McConnell Says Senate Will Take on Impeachment if it Passes House “I Would Have No Choice”

Senate Majority Leader Mitch McConnell said during a CNBC interview he will “have no choice” but to hold a trial in the Senate on removing the President if the House successfully passes impeachment.

218 Members of the House of Representatives are needed to impeach and then two thirds (or 67) members of the United States Senate to convict and remove.

Most pundits currently believe the scenario in which a Republican led Senate chooses to actually convict President Trump would be highly unlikely.

However, a few outliers have suggested it’s possible.

George Conway, husband of Kellyanne Conway agreed with the assessment of Tony Schwartz that there is a “reasonable chance” Senators could turn on Trump because they “privately hate him.”

Former Senator and Trump nemesis Jeff Flake said he believes at least 35 Republican Senators would vote to impeach Trump if the vote was held in secret, which it would not be.

Yahoo reports Senate Majority Leader Mitch McConnell said Monday that if the House impeaches President Trump he will “have no choice” but to hold a trial in the Senate and a vote on removing the president from office.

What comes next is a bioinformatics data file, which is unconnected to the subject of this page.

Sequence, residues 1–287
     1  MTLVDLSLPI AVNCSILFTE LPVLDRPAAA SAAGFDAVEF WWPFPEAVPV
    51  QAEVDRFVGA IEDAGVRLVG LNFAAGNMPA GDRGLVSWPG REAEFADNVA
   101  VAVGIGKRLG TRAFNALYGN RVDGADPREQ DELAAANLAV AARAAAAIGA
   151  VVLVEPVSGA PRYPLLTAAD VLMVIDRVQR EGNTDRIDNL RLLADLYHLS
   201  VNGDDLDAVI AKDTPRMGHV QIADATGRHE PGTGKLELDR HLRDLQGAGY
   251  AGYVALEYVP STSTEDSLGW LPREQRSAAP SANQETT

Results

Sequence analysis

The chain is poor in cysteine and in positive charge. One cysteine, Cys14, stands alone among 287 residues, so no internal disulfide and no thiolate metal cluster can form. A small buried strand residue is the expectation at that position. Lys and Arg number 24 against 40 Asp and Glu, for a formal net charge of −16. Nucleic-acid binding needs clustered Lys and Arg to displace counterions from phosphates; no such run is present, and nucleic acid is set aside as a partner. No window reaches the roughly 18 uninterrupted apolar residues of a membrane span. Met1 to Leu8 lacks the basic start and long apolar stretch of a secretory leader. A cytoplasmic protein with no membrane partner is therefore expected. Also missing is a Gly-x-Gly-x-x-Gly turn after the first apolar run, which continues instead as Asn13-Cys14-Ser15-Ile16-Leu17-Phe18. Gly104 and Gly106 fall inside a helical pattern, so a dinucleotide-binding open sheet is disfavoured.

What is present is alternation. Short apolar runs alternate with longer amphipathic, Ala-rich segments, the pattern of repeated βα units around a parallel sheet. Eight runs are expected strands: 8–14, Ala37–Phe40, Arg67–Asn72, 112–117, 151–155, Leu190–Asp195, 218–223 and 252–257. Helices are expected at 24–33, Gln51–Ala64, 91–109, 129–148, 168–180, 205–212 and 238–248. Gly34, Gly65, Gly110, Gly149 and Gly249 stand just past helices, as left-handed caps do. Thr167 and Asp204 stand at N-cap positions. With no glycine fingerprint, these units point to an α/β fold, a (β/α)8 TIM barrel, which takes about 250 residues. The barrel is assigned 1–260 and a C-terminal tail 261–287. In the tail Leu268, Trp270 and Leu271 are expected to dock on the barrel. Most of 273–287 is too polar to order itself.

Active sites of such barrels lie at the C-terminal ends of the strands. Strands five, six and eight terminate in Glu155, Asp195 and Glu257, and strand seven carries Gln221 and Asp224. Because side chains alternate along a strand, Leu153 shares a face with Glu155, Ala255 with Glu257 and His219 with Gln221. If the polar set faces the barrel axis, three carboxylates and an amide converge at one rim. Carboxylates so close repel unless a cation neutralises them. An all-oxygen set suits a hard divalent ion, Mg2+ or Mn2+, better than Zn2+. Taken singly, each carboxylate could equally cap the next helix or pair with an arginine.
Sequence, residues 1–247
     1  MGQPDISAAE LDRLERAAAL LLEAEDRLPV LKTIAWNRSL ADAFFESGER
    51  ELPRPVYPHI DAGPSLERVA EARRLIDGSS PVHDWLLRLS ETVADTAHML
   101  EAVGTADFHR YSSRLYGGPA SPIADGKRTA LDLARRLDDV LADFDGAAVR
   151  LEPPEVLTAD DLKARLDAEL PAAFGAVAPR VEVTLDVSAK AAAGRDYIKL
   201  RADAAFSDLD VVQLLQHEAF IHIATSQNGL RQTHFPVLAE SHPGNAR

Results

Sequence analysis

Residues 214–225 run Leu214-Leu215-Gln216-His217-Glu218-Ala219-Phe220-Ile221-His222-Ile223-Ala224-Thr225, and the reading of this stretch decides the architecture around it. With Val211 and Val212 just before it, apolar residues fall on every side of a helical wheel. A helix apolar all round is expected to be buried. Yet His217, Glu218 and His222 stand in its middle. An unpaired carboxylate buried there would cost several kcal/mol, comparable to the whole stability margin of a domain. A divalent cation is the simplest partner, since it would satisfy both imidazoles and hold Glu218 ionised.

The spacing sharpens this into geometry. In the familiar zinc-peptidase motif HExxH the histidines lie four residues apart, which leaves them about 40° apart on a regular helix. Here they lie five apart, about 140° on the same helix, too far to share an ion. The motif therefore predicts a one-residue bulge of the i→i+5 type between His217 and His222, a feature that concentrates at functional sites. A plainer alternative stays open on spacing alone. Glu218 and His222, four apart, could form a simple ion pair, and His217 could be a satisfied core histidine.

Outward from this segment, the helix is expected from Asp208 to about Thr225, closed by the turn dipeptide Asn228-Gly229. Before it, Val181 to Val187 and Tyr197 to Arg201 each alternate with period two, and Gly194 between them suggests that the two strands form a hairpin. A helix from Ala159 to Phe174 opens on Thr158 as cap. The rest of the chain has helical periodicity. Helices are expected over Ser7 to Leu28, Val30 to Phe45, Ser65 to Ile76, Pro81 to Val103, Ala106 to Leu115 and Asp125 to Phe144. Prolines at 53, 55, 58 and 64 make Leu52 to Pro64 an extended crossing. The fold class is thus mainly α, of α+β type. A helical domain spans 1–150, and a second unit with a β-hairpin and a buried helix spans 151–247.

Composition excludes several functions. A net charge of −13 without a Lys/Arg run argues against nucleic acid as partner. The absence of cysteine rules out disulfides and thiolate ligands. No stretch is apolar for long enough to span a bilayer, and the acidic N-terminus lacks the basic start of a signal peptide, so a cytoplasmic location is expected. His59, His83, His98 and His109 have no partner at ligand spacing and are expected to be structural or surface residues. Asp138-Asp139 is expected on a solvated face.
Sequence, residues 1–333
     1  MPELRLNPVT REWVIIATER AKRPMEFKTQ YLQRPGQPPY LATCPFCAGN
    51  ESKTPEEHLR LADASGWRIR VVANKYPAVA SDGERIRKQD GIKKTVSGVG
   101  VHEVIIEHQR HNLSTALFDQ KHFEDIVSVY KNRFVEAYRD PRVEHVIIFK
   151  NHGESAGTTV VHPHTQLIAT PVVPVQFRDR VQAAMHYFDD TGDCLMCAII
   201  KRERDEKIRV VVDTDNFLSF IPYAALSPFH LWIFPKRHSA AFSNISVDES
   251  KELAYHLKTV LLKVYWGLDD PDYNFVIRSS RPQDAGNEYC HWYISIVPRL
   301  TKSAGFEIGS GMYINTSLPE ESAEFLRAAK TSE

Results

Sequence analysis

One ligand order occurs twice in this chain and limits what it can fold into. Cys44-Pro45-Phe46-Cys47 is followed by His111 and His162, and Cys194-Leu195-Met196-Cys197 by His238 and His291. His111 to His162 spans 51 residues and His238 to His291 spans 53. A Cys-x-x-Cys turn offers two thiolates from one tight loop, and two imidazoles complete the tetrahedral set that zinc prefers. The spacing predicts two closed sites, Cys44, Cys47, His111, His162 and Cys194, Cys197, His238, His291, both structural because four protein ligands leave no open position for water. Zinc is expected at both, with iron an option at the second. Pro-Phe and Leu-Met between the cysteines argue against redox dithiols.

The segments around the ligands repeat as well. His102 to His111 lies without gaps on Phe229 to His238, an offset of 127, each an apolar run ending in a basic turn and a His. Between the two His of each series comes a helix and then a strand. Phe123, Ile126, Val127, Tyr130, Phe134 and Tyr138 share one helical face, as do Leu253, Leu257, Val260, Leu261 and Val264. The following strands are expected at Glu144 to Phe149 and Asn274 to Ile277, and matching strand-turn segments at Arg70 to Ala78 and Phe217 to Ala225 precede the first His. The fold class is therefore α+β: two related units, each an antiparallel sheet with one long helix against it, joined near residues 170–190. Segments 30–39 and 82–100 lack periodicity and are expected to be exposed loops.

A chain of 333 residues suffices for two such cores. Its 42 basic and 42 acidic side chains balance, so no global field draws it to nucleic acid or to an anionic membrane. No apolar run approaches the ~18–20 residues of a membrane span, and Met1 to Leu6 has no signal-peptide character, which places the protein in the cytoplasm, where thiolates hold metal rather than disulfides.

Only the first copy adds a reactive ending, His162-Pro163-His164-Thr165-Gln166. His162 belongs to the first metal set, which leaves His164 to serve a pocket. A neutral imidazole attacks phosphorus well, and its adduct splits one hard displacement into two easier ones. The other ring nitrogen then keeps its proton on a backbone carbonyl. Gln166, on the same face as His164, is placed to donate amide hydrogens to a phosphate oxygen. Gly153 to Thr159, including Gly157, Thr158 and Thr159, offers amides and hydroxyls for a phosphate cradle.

His comments in an interview with CNBC confirm the position he took in an interview with NPR in March, and the conclusion of a Senate staff memo that was obtained by HuffPost.

“Under the Senate rules we’re required to take it up if the House does go down that path, and we’ll follow the Senate rules,” McConnell said Monday. “It’s a Senate rule related to impeachment that would take 67 votes to change, so I would have no choice but to take it up. How long you’re on it is a whole different matter, but I would have no choice but to take it up based on a Senate rule on impeachment.”

Even before the House began work on impeachment, speculation surfaced that McConnell could simply stall the process when and if it reached the Senate, possibly using the same rationale that he used to bury President Obama’s nomination of Merrick Garland to the Supreme Court in 2016: that with a new election looming, the voters should have a “voice” in the process. The Senate majority leader, who exercises virtually unchallenged power to determine what comes to the floor for a vote, has also been unilaterally holding up consideration of hundreds of bills passed by the House this year, including a widely supported measure on background checks for gun purchasers.

The Constitution gives the Senate the power to try the president if he is impeached by the House, but it does not set a timetable for the process.

This article was written by the staff of 

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